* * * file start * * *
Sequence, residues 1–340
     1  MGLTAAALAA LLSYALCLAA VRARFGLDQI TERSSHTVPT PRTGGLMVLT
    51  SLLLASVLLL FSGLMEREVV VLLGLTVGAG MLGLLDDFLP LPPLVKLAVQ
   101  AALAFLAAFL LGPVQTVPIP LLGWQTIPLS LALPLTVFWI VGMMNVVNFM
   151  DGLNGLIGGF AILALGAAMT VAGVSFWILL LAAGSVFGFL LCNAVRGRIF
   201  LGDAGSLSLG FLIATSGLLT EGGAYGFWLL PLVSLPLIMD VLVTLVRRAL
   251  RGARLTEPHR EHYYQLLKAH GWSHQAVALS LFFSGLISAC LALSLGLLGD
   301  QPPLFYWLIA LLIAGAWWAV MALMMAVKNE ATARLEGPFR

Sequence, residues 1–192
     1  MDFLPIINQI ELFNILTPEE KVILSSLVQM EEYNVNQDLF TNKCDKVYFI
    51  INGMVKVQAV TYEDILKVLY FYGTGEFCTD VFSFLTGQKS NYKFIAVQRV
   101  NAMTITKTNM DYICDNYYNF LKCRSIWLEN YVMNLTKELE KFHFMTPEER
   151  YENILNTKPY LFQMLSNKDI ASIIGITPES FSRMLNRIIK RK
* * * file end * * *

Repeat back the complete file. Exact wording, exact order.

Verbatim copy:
Sequence, residues 1–340
     1  MGLTAAALAA LLSYALCLAA VRARFGLDQI TERSSHTVPT PRTGGLMVLT
    51  SLLLASVLLL FSGLMEREVV VLLGLTVGAG MLGLLDDFLP LPPLVKLAVQ
   101  AALAFLAAFL LGPVQTVPIP LLGWQTIPLS LALPLTVFWI VGMMNVVNFM
   151  DGLNGLIGGF AILALGAAMT VAGVSFWILL LAAGSVFGFL LCNAVRGRIF
   201  LGDAGSLSLG FLIATSGLLT EGGAYGFWLL PLVSLPLIMD VLVTLVRRAL
   251  RGARLTEPHR EHYYQLLKAH GWSHQAVALS LFFSGLISAC LALSLGLLGD
   301  QPPLFYWLIA LLIAGAWWAV MALMMAVKNE ATARLEGPFR

Sequence, residues 1–192
     1  MDFLPIINQI ELFNILTPEE KVILSSLVQM EEYNVNQDLF TNKCDKVYFI
    51  INGMVKVQAV TYEDILKVLY FYGTGEFCTD VFSFLTGQKS NYKFIAVQRV
   101  NAMTITKTNM DYICDNYYNF LKCRSIWLEN YVMNLTKELE KFHFMTPEER
   151  YENILNTKPY LFQMLSNKDI ASIIGITPES FSRMLNRIIK RK